Voila! You just made a baggie full of really killer fire starter. We made up a few.


There are dozens of ways to make these, this just illustrates what I’ve found useful and easy. One of these baggies will go into mine and each kids Bug Out Bag (BOB) with several baggies going into my regular long-term storage. There are lots of ways to store them too, right now I’m just storing them in their baggie.

To light the ball, you rip it part way open to expose the inner threads of cotton and spark against them. They ignite very quickly and the rest of the ball acts like a candle due to the vaseline covering. Once the ball has sat in jelly for a few days it will be water resistant.

For about $14.00 we just put 600 reliable fire starters into our storage – not bad at all!

This video demonstrates how long and how well the cotton ball burns once it’s covered in jelly, the other balls in this video are plain ole regular cotton balls.

In the video I’m lighting the cotton ball with a
BlastMatch which is by far my favorite sparker of all time – grab one here if you don’t have one!

Don’t be caught without the ability to easily and reliably make fire! Take the little amount of time and money these puppies require and you’ll always have the security of reliably starting many fires.

– Phil801

Crossroads of the West Gunshow, Salt Lake City Utah Meetup – Nov 2008

In conjunction with GeeksNGuns, we’re going to organize a meet-up opportunity at the gunshow this weekend!

Here are the details on the show:

Crossroads of the West Gunshow, Salt Lake City, Utah

Dates: November 22nd – 23rd

Time: Sat 9 am – 5 pm, Sun 9 am – 4 pm

Location: South Towne Expo Center (click for directions)

Admission: $10.00

– Get a $1.00 off gunshow admission coupon here

Meetup Plans:

We’re going to meet at 9:00 INSIDE the show.  We’ll gather at the northern entrance door and head into the show.

Parking at the show usually stinks when there’s NOT a rush – which there is sure to be this year – so get there, get parked, give’m your ticket and we’ll meet you inside!

We’ll probably try to setup a shoot meet-up as well – I know if I can get the guns I’m after I’m going to want to go fire them!  We’ll have details on that shortly.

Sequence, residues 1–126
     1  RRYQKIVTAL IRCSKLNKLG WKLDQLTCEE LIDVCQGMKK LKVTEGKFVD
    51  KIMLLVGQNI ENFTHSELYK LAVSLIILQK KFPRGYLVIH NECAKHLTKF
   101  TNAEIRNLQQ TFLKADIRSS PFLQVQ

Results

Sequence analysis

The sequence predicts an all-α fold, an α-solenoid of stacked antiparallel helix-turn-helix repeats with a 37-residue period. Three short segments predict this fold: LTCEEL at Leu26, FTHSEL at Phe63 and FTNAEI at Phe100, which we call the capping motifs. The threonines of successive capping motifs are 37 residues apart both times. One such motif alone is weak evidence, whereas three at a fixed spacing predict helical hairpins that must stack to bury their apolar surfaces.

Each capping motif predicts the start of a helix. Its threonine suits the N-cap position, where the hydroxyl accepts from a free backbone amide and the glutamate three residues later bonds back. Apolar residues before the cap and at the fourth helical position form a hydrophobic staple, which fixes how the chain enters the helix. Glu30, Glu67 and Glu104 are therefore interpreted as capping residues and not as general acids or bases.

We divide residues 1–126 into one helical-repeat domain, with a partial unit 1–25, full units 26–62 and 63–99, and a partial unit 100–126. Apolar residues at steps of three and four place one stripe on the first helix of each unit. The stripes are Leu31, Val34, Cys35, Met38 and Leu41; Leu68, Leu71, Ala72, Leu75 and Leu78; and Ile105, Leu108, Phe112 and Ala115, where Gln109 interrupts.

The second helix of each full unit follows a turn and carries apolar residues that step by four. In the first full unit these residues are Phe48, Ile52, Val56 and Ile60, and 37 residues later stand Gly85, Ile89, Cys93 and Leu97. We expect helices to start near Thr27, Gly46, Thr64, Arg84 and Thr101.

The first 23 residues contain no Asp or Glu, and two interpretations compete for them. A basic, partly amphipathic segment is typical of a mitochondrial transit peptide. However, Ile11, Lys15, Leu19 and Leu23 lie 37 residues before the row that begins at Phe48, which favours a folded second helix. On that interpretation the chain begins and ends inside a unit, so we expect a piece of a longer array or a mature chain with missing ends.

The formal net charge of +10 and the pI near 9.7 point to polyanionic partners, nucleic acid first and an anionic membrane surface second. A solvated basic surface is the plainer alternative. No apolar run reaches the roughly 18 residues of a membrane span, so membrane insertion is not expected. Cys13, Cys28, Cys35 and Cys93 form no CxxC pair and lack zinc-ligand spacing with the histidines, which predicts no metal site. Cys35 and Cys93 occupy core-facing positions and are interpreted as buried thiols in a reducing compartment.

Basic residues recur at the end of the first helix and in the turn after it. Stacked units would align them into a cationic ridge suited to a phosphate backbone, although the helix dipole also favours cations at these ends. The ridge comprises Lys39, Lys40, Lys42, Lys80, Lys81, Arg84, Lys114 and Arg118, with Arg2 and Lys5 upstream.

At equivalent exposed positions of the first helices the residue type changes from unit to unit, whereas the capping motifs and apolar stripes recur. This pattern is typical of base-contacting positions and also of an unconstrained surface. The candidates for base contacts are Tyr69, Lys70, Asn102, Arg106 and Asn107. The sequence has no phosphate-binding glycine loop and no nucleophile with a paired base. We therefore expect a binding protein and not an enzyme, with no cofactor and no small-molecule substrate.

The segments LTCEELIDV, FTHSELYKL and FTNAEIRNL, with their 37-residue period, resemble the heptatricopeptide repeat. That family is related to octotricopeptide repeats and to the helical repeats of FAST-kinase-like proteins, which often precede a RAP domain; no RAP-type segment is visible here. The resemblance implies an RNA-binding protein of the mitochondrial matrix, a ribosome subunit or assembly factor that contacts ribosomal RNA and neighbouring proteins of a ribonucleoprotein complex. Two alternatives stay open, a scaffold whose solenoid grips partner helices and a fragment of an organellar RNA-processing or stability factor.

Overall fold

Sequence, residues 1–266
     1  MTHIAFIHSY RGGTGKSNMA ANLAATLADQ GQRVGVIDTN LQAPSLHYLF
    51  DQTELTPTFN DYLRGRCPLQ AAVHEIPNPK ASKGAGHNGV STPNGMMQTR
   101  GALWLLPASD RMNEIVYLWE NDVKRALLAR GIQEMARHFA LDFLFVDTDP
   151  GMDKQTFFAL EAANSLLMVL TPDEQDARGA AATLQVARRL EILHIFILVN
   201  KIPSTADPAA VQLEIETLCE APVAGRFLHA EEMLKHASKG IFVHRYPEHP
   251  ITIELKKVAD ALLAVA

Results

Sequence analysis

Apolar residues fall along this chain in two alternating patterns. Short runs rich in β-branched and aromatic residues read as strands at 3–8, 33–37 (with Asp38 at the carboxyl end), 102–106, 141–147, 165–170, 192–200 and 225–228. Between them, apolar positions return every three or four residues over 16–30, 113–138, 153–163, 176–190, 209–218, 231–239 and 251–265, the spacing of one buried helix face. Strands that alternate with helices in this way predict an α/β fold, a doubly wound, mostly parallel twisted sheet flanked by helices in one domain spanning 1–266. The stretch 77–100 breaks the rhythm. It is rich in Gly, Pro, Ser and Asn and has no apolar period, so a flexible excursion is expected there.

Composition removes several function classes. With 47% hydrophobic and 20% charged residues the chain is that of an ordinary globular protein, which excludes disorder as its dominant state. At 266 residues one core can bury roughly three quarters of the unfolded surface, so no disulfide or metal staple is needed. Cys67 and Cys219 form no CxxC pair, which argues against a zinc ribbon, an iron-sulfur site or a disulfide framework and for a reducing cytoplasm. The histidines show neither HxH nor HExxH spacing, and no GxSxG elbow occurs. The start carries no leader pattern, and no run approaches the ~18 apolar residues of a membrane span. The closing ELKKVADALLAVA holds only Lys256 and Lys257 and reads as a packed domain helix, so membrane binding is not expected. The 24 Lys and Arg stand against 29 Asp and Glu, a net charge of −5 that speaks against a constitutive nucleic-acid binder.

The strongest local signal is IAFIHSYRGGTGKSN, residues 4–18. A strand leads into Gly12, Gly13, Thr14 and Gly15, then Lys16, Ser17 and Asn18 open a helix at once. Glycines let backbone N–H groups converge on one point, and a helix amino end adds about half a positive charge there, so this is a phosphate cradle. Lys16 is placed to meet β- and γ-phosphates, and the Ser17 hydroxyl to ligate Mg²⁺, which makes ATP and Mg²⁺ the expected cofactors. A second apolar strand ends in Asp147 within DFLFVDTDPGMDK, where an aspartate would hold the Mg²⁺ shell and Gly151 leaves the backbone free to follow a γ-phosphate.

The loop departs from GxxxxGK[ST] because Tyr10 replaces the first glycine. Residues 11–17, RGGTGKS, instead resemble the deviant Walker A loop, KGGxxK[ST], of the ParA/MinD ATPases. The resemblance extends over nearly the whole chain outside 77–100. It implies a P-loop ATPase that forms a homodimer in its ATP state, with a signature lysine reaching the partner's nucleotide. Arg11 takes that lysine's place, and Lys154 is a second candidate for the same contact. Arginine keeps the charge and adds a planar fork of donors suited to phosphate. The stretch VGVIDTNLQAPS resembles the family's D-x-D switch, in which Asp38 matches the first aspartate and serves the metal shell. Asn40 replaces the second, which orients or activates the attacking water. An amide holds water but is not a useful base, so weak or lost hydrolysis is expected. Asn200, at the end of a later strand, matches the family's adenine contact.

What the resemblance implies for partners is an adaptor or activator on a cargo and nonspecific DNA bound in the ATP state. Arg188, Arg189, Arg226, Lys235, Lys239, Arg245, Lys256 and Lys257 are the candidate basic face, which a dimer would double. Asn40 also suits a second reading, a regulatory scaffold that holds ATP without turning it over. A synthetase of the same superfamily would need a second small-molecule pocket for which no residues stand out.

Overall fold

You don’t have to RSVP to come but if you do we’ll know to watch and wait for you before we head into the show.  See you there!

Canning (bottling) Chicken

One important and often difficult to achieve aspect of a good food storage plan is meat.  My strategy had always been to purchase canned meat at the grocery store or through group buys, but that gets pretty expensive!  We recently learned about and tried bottling chicken.  I had heard about it but it sounded like it was probably a huge job.  Then Mom told me a couple weeks ago that it was really easy – she was right (of course)!

Here’s the simple description for bottling chicken: cut it up into 1 inch square chunks, put 1/2 tsp salt in bottom of bottles, put chicken in bottles, pressure cook it for 90 minutes.  That’s it, super easy!

But, that’s too short of a blog post so here is the photo essay of how to can or bottle chicken.  Incidentally, I’ve been told that you follow the same procedure to bottle beef, venison, elk, any meat.

To start with, we bought 80 pounds of raw skinless boneless chicken breasts from a great sale at Macey’s – at $1.19/pound.  Fortunately for me, I have lots of kids who can help out, makes a big job happen quickly.

Here we are cleaning fat off the chicken and cutting up the breasts:

The meat needs to be cut into about 1 inch square chunks:

Here is what 80 pounds of chicken looks like all ready to be bottled (notice the quart jar for perspective):

The next step is to put 1/2 teaspoon of salt in the bottom of the jar (you can add whatever seasoning you like) then fill the jar with chicken to about 1 inch below the top and load them into the pressure cooker:

Heat up the cookers on high until they start rocking, then back off the heat until you get 3 rocks a minute, in the mountain region cook at 15 pounds of pressure.  Maintain 3 rocks/minute for 90 minutes (time starts after first rock).

After 90 minutes of cooking, turn off the heat and let the cookers sit for 30 minutes – DO NOT open them before hand, they’ll blow up!  After 30 minutes, remove the rocker, if it hisses you still have pressure – WAIT until it doesn’t hiss!

We averaged 2 pounds of chicken per bottle giving us 40 bottles:

Notice in the picture that there is liquid in the jars – that’s broth baby!  You don’t put any water in them at all, the cooking process fills the bottle up with juice.

After all our hard work we feasted on a bottle – it was delicious!  The fully cooked chicken comes out of the bottles and falls apart and tastes wonderful.

So, let’s calculate.  For about $2.50 on sale, you can buy a small tuna size can of chicken that weighs 10 ounces.  We’ve got about 32 ounces in each jar, giving us a little more than 3 cans in each jar.  That puts an equivalent value of $7.50 on each jar and we got 40 jars worth.  That gives us $300.00 equivalent value of chicken – and it costs us $110.00 – $80 for the chicken and $30 for the jars.  So we saved about $190.00 and ended up with a lot of chicken for storage!

Next up for us is to do this with hamburger.  I have about 80 boxes of hamburger helper in storage – my goal is to have a bottle of already cooked hamburger to go with each box.

– Phil801